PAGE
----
Cornell Chronicle [2019-09-11]:

Carolus, one of Cornell’s two Titan arum plants, also known as “corpse flowers,” will again unleash its fetid odor in the Liberty Hyde Bailey Conservatory on Tower Road in the coming days.

“The flowering is brief – just a day or two – and difficult to predict,” said Paul Cooper, the Cornell University Agricultural Experiment Station greenhouse grower who cares for the Titan arums and more than 600 other species of plants in the conservatory. “But the bloom is nothing if not memorable.”

That’s because the Titan arum (Amorphophallus titanum) – native to the jungles of Sumatra, where it is threatened by habitat loss – has a fascinating pollination strategy: It releases volatile chemicals that smell like a rotting carcass to attract flies and carrion beetles to transport pollen from one plant to another.

The plant also warms to more than 100 degrees, to help waft the foul scent up into the canopy so it can travel far and wide. Skunk cabbage, a related plant native to the Finger Lakes, uses a similar strategy when it flowers in early spring, often melting surrounding snow.

Titan arums also produce the tallest unbranched flowering structure in the plant world, towering higher than 108 inches (9 feet). The last time Carolus flowered, it reached 75 inches tall; as of Sept. 11, it already stood 88 inches – making it the tallest Titan arum ever grown at Cornell – and was growing about five inches a day.

Read the whole article.

Titan arum poised to make another big stink

Carolus – one of a pair of Cornell Titan arums – will again unleash its fetid odor in the Liberty Hyde Bailey Conservatory on Tower Road in the coming days.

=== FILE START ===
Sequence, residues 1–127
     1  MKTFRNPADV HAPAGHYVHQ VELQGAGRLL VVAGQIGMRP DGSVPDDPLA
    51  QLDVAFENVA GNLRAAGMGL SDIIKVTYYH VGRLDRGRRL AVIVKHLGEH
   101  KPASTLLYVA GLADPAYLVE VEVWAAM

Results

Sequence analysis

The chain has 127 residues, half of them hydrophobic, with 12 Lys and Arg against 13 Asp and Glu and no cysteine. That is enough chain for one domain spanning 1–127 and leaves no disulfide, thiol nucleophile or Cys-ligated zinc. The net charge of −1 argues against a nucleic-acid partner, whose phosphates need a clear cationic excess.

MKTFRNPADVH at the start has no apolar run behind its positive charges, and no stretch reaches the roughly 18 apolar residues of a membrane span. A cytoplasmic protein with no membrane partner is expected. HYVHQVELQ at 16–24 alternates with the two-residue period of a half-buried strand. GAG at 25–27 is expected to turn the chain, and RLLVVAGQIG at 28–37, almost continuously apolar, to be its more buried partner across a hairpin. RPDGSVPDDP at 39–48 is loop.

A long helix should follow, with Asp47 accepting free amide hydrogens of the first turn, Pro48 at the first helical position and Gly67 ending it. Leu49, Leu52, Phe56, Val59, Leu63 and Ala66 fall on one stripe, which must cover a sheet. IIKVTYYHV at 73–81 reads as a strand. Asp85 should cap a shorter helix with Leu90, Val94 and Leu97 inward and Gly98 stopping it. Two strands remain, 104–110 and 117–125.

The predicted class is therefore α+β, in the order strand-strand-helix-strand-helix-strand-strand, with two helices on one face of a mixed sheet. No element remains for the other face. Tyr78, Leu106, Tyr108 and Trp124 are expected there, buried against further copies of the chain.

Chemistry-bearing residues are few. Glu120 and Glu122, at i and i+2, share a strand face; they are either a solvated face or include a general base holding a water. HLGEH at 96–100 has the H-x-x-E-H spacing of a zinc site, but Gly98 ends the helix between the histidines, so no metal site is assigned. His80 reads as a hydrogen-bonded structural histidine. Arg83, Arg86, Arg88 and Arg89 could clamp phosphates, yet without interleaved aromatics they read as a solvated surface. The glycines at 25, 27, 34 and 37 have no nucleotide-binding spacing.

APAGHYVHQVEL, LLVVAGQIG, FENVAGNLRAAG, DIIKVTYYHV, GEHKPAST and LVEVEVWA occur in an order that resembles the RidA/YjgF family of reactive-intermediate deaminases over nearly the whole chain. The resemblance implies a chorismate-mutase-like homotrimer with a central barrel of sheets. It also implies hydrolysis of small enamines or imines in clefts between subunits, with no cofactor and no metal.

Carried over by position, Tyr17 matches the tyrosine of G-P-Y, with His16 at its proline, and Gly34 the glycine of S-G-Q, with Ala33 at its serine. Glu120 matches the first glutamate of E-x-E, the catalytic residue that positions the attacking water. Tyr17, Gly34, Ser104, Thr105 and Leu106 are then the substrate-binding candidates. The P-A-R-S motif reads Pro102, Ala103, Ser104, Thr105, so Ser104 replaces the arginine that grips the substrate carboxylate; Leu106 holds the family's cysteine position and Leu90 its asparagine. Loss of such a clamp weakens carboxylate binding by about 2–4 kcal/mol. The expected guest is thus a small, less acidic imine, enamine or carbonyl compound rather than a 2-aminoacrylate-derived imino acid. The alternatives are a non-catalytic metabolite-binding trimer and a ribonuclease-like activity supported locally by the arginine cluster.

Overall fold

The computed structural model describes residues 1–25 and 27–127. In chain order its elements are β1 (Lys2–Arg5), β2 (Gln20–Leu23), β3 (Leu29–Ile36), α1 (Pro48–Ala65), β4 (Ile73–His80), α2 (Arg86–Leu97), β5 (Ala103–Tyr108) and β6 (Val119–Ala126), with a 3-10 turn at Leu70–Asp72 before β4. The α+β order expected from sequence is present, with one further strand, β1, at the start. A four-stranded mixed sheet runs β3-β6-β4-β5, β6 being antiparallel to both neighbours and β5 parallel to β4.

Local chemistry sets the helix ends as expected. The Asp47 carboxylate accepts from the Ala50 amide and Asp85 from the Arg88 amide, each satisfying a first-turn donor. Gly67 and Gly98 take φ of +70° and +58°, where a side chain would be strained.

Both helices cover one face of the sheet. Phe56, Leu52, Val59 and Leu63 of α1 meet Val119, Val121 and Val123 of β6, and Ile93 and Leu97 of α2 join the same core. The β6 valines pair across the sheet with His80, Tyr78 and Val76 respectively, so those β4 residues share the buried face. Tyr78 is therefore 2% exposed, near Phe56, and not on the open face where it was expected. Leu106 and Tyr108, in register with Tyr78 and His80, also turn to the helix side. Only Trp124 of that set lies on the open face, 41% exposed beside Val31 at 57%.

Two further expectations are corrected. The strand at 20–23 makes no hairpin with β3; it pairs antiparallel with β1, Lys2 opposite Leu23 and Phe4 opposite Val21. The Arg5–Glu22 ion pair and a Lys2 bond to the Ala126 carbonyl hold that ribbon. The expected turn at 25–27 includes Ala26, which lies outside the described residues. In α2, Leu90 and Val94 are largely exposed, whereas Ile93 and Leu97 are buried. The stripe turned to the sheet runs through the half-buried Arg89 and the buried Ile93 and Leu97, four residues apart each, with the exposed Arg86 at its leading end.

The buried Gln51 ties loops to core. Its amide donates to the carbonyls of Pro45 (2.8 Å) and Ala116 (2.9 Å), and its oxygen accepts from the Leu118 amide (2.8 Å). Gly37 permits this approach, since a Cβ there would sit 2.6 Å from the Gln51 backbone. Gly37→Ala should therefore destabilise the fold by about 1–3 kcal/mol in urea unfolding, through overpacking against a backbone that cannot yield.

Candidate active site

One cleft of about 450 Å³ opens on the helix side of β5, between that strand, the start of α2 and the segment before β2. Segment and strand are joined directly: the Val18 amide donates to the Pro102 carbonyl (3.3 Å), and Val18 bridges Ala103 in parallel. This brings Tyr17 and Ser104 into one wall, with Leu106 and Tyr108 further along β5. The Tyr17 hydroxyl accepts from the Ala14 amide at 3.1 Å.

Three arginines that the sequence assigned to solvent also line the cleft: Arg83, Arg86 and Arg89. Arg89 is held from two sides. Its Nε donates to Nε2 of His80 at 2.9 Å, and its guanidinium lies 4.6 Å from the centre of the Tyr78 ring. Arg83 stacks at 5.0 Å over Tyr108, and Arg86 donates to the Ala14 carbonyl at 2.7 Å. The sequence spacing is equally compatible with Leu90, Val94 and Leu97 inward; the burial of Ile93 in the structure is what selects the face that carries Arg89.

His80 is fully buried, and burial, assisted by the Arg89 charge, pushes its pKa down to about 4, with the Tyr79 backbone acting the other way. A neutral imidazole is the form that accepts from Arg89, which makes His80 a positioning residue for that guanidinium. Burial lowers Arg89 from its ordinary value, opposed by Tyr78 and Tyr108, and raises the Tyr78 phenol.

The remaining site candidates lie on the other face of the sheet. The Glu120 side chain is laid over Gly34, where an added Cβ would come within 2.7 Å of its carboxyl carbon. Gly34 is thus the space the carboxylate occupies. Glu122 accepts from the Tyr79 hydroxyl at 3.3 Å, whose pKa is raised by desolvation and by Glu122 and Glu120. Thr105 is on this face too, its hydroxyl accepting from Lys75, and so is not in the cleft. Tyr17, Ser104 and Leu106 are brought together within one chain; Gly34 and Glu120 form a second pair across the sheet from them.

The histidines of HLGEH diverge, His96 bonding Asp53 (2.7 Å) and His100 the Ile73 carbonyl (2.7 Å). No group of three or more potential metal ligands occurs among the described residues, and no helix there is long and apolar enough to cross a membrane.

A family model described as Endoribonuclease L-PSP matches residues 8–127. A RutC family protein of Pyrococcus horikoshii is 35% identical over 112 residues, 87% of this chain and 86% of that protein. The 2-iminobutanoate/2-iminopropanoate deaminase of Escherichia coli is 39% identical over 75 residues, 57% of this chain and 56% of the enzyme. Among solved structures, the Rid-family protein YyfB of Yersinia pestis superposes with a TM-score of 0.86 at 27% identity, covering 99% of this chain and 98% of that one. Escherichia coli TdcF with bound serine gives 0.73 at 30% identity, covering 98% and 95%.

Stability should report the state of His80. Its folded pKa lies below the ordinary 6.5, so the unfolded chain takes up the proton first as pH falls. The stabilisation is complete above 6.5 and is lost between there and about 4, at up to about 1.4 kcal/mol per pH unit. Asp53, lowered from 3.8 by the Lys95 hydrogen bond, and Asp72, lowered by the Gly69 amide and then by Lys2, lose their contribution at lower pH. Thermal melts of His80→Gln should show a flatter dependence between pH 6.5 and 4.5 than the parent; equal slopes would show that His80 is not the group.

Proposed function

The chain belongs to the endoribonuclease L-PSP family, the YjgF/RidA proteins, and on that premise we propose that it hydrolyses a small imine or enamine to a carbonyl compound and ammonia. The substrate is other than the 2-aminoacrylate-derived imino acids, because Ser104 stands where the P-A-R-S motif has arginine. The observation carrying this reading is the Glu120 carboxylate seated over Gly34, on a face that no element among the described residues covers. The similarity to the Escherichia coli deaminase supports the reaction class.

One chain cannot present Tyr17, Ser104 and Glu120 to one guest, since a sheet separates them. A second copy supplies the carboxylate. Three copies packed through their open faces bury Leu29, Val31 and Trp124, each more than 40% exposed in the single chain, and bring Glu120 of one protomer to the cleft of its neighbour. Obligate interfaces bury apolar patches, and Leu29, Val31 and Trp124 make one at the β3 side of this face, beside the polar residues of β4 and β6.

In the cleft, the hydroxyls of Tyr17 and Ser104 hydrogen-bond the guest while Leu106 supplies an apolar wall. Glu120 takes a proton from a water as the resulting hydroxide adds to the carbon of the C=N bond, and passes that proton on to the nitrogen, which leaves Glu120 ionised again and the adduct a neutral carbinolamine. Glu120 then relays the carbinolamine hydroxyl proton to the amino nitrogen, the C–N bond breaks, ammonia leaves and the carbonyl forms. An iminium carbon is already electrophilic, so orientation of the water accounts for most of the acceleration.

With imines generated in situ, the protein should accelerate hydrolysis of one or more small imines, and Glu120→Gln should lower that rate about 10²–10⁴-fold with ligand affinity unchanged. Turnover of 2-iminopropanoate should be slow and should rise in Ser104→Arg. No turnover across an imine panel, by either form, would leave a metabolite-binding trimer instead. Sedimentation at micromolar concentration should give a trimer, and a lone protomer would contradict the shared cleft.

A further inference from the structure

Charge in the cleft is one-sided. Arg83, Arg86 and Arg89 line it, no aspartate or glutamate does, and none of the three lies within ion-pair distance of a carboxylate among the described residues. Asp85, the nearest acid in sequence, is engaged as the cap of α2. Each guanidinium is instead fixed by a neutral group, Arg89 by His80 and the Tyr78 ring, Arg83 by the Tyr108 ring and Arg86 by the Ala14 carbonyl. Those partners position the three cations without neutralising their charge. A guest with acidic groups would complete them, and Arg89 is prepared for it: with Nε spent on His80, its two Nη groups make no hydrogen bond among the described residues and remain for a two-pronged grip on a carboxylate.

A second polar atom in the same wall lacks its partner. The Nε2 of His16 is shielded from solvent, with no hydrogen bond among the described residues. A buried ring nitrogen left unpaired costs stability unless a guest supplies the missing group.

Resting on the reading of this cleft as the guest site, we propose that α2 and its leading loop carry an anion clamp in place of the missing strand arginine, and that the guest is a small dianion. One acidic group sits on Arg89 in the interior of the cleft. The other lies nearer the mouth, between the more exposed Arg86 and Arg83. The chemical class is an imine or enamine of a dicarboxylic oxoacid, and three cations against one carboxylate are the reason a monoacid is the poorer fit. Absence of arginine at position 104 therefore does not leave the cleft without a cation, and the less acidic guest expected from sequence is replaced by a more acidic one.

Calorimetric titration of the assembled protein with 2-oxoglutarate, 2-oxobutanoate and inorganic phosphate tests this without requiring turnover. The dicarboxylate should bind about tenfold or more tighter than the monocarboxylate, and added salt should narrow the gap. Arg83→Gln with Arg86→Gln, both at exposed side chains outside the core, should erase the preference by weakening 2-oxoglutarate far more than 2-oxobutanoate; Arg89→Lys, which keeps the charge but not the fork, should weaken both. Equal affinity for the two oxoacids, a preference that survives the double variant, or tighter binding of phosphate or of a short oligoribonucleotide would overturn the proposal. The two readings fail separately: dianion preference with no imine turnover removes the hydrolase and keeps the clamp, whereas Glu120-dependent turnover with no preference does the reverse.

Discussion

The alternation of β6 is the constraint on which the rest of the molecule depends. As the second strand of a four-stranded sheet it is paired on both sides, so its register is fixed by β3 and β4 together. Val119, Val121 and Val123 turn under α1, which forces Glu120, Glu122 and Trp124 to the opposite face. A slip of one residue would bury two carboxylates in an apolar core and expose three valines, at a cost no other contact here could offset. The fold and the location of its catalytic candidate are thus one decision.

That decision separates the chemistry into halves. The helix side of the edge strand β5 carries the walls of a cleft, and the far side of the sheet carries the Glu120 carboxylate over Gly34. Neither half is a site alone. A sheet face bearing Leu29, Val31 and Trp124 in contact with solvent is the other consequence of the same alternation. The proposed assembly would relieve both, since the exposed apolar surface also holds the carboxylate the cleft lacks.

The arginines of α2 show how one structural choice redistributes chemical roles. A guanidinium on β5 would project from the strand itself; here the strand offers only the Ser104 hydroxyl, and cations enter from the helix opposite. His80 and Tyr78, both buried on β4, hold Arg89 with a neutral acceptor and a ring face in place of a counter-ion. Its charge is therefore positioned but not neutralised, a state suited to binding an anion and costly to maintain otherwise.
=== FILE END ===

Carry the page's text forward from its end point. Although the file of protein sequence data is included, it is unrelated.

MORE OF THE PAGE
“The flowering is brief – just a day or two – and difficult to predict,” says Paul Cooper, the Cornell University Agricultural Experiment Station (Cornell AES) greenhouse grower who cares for the Titan arums and more than 600 other species of plants in the Conservatory. “But the bloom is nothing if not memorable.”

That’s because the Titan arum (Amorphophallus titanum) – native to the jungles of Sumatra where it is threatened by habitat loss – has a fascinating pollination strategy: It releases volatile chemicals that smell like a rotting carcass to attract flies and carrion beetles to transport pollen from one plant to another.

The plant also warms to over 100 degrees F to help waft the foul scent up into the canopy so it can travel far and wide. Skunk cabbage – a related plant native to the Finger Lakes – uses a similar strategy when it flowers in early spring, often melting surrounding snow.

Titan arums also produce the largest unbranched inflorescence (flowering structure) in the plant world, towering as high as 3 meters. The last time Carolus flowered, it reached 75 inches tall. As of September 8, it already stood 72 inches and was growing about 5 inches a day. (View growth chart.)

paul cooper measuring carolus

Cooper measured Carolus at 72 inches September 8 – just three inches shy of its height during previous bloom. The plant was growing about 5 inches a day.